I recently came across an interesting article in the Small Wars Journal, in which military commander Ben Zweibelson expresses his belief that because the “military has become addicted to the benefits of PowerPoint,” decision-makers have become blinded to “the many negative impacts on organizational learning, creativity, and critical thinking” of slide-driven briefings.
There are a number of reasons why Zweibelson believes that PowerPoint negatively impacts decision-making:
- PowerPoint-driven briefings focus on the “What” versus the “Why”
- PowerPoint-driven briefings kill productivity
- PowerPoint-driven briefings emphasize quantity over quality
What vs Why
Zweibelson uses a bicycle metaphor to make this point. PowerPoint-driven briefings focus on each individual part of the bicycle—the seat, the gears, the wheels, the tires, the spokes, the handlebars. Information is categorized into small, isolated packets.
Because of its linear nature, PowerPoint encourages decision-makers to focus on data, rather than how that data could and should be interrelated, even though interrelationships are critical to effective decision-making.
Ideally, decision-making should focus on why. In other words, the bicycle needs to be assembled and consideration given to where or why (or if) it should be ridden. The interrelationships of the various parts should be the primary consideration when people sit down to make decisions.
Instead, Zweibelson writes that PowerPoint presentations are used to standardize briefings into “uniform and repetitive procedures that codify organizational perspective into ‘group think.’ We follow the slides, and conform to the slide requirements. Next slide, please.”
Zweibelson points out that modern military briefings (and indeed the vast majority of presentations to all decision-making groups) consist of densely packed slides. More often than not, the person conducting the briefing reads from the slides while offering little additional information of value.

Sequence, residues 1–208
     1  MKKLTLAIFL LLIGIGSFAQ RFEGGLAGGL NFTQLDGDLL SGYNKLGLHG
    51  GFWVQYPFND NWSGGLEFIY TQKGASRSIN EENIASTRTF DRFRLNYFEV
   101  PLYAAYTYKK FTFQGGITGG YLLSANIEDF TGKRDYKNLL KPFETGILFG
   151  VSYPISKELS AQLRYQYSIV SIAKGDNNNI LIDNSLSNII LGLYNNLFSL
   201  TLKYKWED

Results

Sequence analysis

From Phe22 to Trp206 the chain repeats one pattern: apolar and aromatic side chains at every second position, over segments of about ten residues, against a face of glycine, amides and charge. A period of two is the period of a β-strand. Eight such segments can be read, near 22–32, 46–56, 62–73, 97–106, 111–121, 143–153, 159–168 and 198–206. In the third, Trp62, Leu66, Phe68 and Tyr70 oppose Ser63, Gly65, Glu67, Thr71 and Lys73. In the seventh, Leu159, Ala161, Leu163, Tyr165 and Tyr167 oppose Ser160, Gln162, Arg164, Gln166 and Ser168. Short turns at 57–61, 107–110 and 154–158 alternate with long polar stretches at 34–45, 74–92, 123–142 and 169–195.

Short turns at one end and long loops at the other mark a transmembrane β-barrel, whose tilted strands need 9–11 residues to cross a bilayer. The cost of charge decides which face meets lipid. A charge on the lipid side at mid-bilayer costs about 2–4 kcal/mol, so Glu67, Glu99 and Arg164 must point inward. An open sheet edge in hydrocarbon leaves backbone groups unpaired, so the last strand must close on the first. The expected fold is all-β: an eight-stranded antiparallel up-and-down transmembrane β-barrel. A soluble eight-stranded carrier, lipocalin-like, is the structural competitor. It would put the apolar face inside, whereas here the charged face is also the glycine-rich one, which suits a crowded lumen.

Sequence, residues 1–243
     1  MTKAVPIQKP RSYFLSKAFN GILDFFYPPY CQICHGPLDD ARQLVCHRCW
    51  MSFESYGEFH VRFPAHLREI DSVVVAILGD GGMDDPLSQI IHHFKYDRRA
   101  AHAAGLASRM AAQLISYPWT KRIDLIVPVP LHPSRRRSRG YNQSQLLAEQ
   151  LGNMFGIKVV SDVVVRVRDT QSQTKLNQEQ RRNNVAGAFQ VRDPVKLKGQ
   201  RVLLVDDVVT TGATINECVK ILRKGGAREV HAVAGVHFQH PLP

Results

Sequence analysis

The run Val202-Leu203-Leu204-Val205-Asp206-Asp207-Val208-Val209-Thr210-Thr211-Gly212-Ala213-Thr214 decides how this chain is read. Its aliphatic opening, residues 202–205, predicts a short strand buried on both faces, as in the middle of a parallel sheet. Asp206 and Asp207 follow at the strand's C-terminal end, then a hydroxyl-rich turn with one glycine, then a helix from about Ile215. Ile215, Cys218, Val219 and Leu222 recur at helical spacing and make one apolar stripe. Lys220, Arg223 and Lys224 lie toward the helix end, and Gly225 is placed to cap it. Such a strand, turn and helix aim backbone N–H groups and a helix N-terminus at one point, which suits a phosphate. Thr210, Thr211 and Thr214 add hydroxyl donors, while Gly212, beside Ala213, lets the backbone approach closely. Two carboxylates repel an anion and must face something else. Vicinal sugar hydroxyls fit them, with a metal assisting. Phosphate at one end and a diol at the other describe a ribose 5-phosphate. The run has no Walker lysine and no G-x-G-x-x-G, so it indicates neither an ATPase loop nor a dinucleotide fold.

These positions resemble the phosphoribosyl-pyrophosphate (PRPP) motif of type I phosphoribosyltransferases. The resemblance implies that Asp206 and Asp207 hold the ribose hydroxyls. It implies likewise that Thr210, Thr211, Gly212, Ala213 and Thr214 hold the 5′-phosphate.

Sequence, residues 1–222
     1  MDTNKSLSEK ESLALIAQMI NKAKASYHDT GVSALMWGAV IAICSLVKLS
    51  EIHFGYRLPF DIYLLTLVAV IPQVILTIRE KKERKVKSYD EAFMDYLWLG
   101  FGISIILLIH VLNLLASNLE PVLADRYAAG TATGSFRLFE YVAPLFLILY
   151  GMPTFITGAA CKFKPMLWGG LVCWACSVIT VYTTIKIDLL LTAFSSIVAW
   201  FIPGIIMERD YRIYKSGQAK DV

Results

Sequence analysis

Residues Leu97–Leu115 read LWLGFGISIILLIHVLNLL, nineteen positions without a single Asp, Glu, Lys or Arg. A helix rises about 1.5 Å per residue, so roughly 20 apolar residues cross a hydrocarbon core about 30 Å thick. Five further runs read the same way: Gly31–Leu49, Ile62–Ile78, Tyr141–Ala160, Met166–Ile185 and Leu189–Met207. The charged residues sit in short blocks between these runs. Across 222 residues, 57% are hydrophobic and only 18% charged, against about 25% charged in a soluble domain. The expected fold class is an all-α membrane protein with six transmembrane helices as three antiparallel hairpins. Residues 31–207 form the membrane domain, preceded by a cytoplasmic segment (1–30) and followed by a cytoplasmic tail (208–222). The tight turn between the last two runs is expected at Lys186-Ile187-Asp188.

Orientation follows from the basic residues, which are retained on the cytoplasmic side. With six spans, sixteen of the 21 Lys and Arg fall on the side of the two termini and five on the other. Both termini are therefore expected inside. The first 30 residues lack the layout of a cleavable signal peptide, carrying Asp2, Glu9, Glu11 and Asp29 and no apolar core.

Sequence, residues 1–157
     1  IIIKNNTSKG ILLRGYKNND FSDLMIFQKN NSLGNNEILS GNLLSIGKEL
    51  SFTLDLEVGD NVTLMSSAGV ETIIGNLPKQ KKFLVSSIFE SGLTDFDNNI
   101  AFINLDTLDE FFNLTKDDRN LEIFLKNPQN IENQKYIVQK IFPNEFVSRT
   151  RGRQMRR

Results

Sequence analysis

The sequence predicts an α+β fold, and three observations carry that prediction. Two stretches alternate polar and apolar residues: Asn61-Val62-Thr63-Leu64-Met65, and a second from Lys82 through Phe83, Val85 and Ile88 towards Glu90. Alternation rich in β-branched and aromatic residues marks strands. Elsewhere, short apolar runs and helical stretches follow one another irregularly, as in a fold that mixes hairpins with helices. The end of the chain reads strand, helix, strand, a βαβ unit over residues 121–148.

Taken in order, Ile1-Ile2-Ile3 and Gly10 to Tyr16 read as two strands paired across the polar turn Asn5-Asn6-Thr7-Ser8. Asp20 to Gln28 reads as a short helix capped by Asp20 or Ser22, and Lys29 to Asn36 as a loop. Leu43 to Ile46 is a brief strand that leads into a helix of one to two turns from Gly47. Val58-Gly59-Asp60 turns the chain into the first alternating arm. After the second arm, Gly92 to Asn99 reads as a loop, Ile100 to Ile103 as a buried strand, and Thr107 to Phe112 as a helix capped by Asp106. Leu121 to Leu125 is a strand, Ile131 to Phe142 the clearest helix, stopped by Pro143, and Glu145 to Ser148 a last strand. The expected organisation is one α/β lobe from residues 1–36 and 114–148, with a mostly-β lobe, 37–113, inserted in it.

He recommends that decision-makers ask the presenter to turn off the slide projector as soon as this situation manifests itself. “If the presenter is unable to articulate their thoughts or convey much of anything,” Zweibelson writes, “you might determine that the slideshow is the actual briefer, while the human has become the willing presentation aid.”
We’ve all witnessed the same issue with printed presentation decks.
When everyone gets together, the conversation focuses on the “what” in the deck, not “why” it’s important to the organization. If you want to change this, put the decks away; they should never form the basis for any meeting.
Painstakingly (and painfully!) plodding through decks may very well be the ultimate productivity sin of the 21st century.
Quantity over Quality
In any presentation—whether briefing a group of decision-makers or delivering a keynote to 1,000 or more—there is always more information than time.
The challenge is to apply critical thinking skills to bring precisely the right information to create understanding and facilitate effective decision-making. However, as Zweibelson points out, PowerPoint-driven briefings always attempt to cram “ten pounds of dirt into a five pound bag,” which “does little to improve organizational learning” or facilitate effective decision-making.
Zweibelson makes some interesting recommendations to enhance critical thinking, improve productivity and facilitate decision-making:
- Presenters should be limited to a maximum of three slides, yet the length of the meeting should be maintained. Group discussion will identify critical issues that require attention.
- The projector should be turned off and presentation decks should be put away.
- Other briefing aids should be encouraged and staff should be challenged to conduct briefings with no PowerPoint whatsoever.
- And, in a radical departure, he even recommends removing chairs and tables. “We become programmed to behave in certain ways because we are conditioned to sit and be silent while a briefer spoon-feeds us information while the same information is projected,” he writes. “Why? What happens when everyone is no longer seated for a briefing?”
Whether the group is seated or not, the net effect of turning off the projector and putting away the deck is clear: Better decision-making that enhances productivity by focusing on the quality of the “why” rather than the quantity of the “what.”